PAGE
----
The Copa America Centenario kicks off on Friday night as hosts the United States meet South American heavyweights Colombia for the tournament opener in Santa Clara, Calif. The USA was drawn into a touch group and Jurgen Klinsmann’s intriguing squad of veterans and newcomers will be put to the rest immediately as they face Colombia, a team with a not unrealistic shot at winning the whole thing.
The Colombians are strong favorites to top Group A, which in addition to the U.S. includes Costa Rica and Paraguay. So while a win Friday would be huge for the Americans, a draw would also do just fine. Above all, the U.S. must avoid the kind of embarrassing or demoralizing loss that could set the tone for the rest of the tournament.
The USMNT and Klinsmann in particular, are under pressure to perform after a 2015 in which the team failed to build upon the success of escaping the ‘Group of Death’ at the 2014 World Cup. Klinsmann has persisted with his tinkering and experimenting and whether down to injury or innovation, has introduced some new faces into a team that still seems largely to be built around the experienced core of Clint Dempsey, Michael Bradley, Jermaine Jones and Kyle Beckerman.
Results in friendlies leading up to the tournament have been promising if not spectacular. New attacking additions like Christian Pulisic, Bobby Wood, Darlington Nagbe, and Gyasi Zardes have been the primary source of goals in consecutive wins against Puerto Rico, Ecuador and Bolivia.
Tim Howard meanwhile, is likely to start on the bench Friday with Aston Villa net-minder Brad Guzan expected to be the U.S.’s no. 1. With his improved options in attack, Klinsmann can afford to start the versatile Fabian Johnson at fullback in a backline that’s also likely to include some combination of John Brooks, Geoff Cameron, DeAndre Yedlin, and Matt Besler.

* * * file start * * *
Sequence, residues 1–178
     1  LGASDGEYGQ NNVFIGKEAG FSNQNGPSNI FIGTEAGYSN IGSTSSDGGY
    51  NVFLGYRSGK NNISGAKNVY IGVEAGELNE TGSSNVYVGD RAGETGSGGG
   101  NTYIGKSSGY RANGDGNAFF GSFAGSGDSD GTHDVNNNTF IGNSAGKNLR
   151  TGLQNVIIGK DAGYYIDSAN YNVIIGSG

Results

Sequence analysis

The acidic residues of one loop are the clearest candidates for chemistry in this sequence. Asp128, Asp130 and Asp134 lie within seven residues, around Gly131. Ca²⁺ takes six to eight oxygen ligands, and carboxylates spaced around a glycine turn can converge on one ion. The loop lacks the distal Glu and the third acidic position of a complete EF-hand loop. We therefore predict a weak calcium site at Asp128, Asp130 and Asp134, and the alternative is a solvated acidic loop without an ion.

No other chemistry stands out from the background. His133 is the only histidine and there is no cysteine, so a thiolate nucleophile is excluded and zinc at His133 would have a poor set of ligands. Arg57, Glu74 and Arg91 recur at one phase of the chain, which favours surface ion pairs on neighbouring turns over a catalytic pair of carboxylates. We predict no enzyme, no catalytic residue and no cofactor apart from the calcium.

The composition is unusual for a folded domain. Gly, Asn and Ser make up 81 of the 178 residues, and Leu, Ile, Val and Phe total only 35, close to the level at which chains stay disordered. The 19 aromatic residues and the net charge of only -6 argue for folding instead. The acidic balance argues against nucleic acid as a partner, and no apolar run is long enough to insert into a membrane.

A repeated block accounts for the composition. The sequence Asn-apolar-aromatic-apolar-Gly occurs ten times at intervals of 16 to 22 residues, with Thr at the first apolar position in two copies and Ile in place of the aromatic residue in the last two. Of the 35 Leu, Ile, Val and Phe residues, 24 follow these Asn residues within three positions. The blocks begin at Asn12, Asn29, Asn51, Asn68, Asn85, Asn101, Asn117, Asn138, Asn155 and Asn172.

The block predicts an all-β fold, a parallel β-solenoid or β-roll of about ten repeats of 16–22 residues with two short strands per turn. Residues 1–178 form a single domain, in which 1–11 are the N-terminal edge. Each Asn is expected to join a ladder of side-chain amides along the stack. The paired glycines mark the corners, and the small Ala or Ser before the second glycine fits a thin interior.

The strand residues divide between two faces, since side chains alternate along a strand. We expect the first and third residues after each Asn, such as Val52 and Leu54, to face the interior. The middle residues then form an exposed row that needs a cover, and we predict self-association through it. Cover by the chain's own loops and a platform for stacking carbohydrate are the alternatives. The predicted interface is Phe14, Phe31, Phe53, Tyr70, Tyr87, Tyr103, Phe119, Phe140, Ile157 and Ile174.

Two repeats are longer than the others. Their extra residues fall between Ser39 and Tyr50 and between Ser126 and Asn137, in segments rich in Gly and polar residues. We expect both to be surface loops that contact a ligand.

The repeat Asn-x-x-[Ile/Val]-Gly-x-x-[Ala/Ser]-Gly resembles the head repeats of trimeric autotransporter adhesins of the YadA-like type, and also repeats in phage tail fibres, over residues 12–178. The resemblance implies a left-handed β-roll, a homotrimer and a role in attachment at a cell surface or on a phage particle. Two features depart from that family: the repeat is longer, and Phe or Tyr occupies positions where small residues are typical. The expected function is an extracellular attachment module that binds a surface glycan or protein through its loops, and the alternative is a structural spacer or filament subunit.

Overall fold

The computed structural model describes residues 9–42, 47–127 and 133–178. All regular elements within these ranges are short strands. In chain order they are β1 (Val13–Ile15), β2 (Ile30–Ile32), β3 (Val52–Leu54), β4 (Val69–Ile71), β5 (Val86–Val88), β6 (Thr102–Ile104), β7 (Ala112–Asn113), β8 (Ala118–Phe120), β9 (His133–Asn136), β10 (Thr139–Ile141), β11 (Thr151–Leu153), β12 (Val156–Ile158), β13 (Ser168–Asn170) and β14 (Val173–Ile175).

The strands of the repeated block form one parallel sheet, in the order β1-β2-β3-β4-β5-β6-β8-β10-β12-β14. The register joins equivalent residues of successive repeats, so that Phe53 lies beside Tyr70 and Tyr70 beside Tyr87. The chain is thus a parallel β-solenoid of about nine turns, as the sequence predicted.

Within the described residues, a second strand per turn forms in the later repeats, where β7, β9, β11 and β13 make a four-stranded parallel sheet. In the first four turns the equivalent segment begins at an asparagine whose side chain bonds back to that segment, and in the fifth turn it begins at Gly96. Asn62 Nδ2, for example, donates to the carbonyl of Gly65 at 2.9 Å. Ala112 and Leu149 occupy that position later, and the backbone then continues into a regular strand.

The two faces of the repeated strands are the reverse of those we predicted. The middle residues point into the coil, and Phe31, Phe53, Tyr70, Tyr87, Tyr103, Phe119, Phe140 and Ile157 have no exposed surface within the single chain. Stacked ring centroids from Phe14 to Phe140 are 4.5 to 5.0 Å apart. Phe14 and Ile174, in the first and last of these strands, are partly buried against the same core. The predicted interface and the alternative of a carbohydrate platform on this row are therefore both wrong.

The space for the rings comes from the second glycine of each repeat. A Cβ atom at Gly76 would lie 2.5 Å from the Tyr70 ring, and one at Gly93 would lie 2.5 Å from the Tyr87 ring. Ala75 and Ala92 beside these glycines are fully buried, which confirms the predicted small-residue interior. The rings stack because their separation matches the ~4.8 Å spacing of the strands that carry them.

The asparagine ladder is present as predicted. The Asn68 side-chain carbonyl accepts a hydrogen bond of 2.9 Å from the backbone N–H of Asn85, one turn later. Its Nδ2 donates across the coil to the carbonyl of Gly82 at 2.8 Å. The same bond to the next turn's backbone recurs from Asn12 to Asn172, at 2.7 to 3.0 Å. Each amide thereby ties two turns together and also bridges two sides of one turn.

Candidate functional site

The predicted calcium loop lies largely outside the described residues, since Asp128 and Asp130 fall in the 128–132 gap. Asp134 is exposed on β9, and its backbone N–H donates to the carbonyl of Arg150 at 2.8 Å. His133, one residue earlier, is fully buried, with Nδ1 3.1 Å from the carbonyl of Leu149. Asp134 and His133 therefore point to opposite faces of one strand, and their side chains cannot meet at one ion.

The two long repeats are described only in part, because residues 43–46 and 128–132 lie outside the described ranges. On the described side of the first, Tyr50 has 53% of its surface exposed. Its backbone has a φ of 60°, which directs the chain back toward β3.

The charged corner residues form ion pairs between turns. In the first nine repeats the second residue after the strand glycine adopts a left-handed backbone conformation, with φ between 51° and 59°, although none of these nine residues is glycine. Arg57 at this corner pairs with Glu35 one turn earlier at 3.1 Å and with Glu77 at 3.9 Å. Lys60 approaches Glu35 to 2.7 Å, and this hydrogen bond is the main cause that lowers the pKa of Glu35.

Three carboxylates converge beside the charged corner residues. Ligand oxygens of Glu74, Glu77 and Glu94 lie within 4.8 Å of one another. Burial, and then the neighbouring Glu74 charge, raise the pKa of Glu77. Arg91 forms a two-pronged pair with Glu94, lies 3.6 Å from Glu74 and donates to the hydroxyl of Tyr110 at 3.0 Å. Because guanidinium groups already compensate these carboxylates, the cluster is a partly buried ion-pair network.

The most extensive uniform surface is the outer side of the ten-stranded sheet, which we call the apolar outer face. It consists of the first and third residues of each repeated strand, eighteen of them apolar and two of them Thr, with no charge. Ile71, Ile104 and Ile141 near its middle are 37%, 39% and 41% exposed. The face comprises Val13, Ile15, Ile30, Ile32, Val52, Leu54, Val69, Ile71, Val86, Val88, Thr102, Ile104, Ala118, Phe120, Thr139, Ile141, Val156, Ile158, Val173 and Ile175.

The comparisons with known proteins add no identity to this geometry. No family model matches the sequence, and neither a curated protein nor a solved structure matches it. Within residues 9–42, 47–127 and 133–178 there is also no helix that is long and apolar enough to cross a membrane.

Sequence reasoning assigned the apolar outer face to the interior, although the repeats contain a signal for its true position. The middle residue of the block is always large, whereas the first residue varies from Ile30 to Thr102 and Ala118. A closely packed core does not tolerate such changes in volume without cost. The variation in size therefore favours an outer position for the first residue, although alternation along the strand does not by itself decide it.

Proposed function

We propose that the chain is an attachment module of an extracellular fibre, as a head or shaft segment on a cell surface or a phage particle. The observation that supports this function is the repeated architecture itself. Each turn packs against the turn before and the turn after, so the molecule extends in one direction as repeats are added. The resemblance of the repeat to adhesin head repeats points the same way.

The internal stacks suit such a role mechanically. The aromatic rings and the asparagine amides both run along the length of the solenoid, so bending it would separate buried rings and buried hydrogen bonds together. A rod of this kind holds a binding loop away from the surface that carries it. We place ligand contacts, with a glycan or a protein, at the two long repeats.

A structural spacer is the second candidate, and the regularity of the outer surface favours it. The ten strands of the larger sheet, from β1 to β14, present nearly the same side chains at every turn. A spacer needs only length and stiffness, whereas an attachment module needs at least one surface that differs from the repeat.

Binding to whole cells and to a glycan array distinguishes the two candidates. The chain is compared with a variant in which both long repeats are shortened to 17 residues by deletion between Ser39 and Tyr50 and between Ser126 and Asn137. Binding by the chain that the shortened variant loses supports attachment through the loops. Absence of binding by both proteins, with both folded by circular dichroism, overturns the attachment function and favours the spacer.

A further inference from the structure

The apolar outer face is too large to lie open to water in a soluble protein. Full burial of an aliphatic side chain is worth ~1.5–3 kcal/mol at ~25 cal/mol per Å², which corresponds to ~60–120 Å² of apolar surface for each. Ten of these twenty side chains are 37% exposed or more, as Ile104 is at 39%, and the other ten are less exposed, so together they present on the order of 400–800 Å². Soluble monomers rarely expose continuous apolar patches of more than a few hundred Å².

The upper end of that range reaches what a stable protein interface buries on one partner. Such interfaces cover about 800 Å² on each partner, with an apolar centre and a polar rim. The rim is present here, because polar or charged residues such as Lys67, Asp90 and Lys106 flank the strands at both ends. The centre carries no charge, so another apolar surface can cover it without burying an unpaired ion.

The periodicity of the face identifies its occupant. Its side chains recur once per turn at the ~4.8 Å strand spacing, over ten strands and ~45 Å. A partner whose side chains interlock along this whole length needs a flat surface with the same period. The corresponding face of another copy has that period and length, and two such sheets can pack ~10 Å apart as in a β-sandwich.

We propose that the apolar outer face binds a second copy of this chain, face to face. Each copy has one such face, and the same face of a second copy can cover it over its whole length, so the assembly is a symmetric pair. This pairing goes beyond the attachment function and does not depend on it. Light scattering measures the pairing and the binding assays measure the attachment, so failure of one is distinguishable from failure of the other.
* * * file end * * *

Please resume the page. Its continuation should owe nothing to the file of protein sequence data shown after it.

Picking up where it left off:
Lately, Klinsmann has been favoring a 4-3-3 that can be converted into a 4-5-1 for a more defensive shape and the German tactician is likely to line his team up that way against Colombia.
The U.S. can take confidence from knowing that the Colombia that will line up at Levi’s Stadium on Friday is not quite the same team that took the 2014 World Cup by storm two years ago. Although the South American nation is currently ranked fourth in the world, it made a poor showing at last summer’s Copa in Chile, where it scored just one goal in the Group Stage on the way to being eliminated in the quarters.
Much of the impetus on Friday, and indeed throughout the tournament, will fall on James Rodriguez. The best player at the 2014 World Cup is coming off an indifferent season with Real Madrid but has been on-song when he has represented his country lately; firing Colombia to wins against Ecuador and Bolivia in recent World Cup qualifiers. Unlike at Real Madrid, where he struggles to get into the lineup, the Colombian team is built around James with striker Carlos Bacca and midfielder Juan Cuadrado providing the main supporting cast for Colombia’s photogenic no. 10.
If James is allowed to have his way on Friday night, the U.S. could be in big trouble. When the 24-year-old is on his game he is still among the world’s best. If the U.S. midfield can minimize his impact, as it did against another of the world’s best players – Cristiano Ronaldo during the World Cup group stage – it has a chance to get some kind of result against Colombia. Especially if the hard-fighting trio of Bradley, Dempsey and Jones can exert their muscle and bring the U.S.’s emerging creative talents like Pulisic, Nagbe and Zardes into the game.
Otherwise, there’s the risk that Friday night could turn into an exercise in damage control for the U.S.